posted by cbrody at 3:53 PM on March 12, 2004


I have so many favorites that I have two 3-ring binders stuffed to the max, but I'll give you the two most requested.

Six Hour Pork Roast
Mix one bottle of dark beer, 2 C brown sugar, and fresh-ground pepper to taste. Pour over a 5 to 6lb Boston Butt Pork Roast arranged fatty side up in a baking dish. Bake at 275 for 6 hours.

The time can be approximate...say 5 1/2 to 7 hours. It is perfect for long Sunday afternoon hikes. You come home exhausted to a house that smells like heaven. And plenty of leftovers for pork chow mein, barbecue pork sandwiches, etc.

Whiskey Mushrooms
Saute a tablespoon of minced onion in 2 oz butter. Add 1 lb of mushrooms cleaned and quartered. Continue cooking until mushrooms begin to give up their liquid. Pour in a pint of heavy cream. Simmer until cream begins to thicken-- 20 to 30 minutes. Salt to taste and just before serving, stir in 3 Tablespoons of good whiskey.

Usually I pop a couple of potatoes in the oven to roast, start the mushrooms and after simmering 10 minutes, throw a couple of sirloin steaks on to broil. I cook the steaks in very hot olive oil with lots of worcestershire sauce. Pour your mushroom sauce over your steak and potato. With a tossed salad and a bottle of red, you will eat like a king and queen.
posted by Secret Life of Gravy at 4:47 PM on March 12, 2004


Black Bean Lasagna, a Cooking Light recipe; everyone I have made this for raves over it. Use any salsa as hot as you like and 2 cups of fresh chopped tomatos for the canned. This gets my husband's vote as his favorite.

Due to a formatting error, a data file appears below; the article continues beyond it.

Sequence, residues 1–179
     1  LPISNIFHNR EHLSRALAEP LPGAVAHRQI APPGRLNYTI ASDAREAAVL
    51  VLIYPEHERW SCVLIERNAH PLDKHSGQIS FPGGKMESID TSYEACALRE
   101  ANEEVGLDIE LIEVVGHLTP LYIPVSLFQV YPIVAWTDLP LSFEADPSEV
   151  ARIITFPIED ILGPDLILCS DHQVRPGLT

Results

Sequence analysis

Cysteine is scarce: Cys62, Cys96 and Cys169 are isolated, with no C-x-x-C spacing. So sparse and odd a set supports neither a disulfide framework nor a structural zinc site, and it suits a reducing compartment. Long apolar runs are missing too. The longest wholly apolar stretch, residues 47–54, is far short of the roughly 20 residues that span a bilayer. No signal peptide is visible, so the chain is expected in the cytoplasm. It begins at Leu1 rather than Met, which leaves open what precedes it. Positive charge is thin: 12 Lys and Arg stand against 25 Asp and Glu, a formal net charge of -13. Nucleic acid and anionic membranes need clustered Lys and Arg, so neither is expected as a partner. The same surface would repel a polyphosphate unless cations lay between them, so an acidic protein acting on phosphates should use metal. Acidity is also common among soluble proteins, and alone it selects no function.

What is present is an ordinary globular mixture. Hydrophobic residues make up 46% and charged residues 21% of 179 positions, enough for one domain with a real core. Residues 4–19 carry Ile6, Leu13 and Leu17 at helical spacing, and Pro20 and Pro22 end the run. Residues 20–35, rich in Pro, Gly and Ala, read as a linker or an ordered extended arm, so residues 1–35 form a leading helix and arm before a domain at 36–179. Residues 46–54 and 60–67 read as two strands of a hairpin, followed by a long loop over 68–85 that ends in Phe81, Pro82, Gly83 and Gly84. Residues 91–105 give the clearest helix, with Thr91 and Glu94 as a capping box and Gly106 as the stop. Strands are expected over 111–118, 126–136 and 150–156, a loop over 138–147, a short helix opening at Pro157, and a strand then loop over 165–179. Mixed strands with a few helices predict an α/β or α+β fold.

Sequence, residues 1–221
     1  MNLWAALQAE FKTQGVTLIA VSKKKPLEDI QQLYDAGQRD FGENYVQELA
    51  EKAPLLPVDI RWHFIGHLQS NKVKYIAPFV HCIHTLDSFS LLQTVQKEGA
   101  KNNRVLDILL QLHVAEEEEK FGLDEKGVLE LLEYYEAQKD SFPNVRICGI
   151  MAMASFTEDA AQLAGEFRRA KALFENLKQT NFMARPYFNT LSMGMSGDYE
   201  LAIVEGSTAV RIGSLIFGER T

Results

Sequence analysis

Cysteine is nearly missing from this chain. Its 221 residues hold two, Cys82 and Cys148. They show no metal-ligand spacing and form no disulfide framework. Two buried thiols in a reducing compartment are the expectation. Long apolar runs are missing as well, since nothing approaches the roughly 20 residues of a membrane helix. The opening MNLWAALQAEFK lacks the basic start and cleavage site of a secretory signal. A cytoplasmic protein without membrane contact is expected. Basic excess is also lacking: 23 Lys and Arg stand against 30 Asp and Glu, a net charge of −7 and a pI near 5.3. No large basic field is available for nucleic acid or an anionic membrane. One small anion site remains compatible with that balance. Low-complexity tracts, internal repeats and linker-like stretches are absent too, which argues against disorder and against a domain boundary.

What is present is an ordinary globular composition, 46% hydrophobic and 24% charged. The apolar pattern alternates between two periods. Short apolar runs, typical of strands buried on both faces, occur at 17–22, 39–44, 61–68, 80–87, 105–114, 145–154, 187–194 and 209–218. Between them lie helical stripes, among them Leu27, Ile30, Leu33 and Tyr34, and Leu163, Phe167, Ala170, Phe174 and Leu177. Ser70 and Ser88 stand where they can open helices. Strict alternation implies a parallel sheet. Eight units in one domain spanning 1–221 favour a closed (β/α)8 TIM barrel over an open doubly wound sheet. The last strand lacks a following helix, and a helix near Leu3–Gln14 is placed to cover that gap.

My two very favorite homemade comfort foods:

Corn tortillas. Put dried cracked corn kernels in a lot of water and boil 'til soft enough to grind (perhaps an hour); drain. Process through a grinder along with chunks of boiled yucca (3:1 proportion of corn to yucca). Stir well and carefully form the sticky thick mush into fat little patties with a plastic hamburger smusher. Deep fry. Serve with cheddar cheese (or in a pinch, American cheese) gently melted on top.

Broiled portobellos. Slice portobellos (large or baby-sized doesn't matter) into thickish pieces. Marinate for a bit in a mixture of (more) olive oil, (some) balsamic vinegar, (less) lime juice, minced garlic, chopped green onions, rosemary, salt and black pepper. Spread out single layer in a baking pan and put under the broiler for 5-7 minutes, until sizzling very brown near to black. Drain most of the marinade off, add bits of roasted red pepper and reconstituted sun-dried tomato, and crumble feta cheese into it. Serve hot or cold, by itself, on toast, in a sub roll as a sandwich.... very, very rich. The leftover marinade can be reused to great effect as a salad dressing or roasted pepper storage.
posted by Melinika at 5:43 PM on March 12, 2004 [1 favorite]


Warning: long-ass comment ahead!

Under normal circumstances, I wouldn't post something like this in AskMetafilter, but this just happened, and it pertains to todays discussion, so...




When I was a boy, my mom always baked Texas Sheet Cake for my birthday. I loved the stuff: a light and cake-like brownie covered with a powdered sugar frosting, very chocolatey all the way through. When I got married, I made sure to get the recipe from mom so that I could make Texas Sheet Cake for friends.

Somehow, it's been five years since I baked Texas Sheet Cake. My wife and I are hosting a kids' fiesta tomorrow, though, a huge group lunch of chicken noodle soup and grilled cheese sandwiches. I thought Texas Sheet Cake would be a perfect dessert.

Kris e-mailed me today at work: "Hey-- I'm trying to make a shopping list. Where can I find your recipe for Texas sheet cake? It's not in the spiral 'favorite recipes' book."

"That's strange," I thought. It should be there. I put all of my favorite recipes there. I e-mailed her to look again, but she couldn't find it.